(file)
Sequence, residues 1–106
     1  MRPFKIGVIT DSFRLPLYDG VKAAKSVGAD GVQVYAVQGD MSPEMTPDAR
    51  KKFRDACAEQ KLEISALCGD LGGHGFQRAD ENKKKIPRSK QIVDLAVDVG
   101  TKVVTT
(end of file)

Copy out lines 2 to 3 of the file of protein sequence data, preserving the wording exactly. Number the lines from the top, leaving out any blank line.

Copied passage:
     1  MRPFKIGVIT DSFRLPLYDG VKAAKSVGAD GVQVYAVQGD MSPEMTPDAR
    51  KKFRDACAEQ KLEISALCGD LGGHGFQRAD ENKKKIPRSK QIVDLAVDVG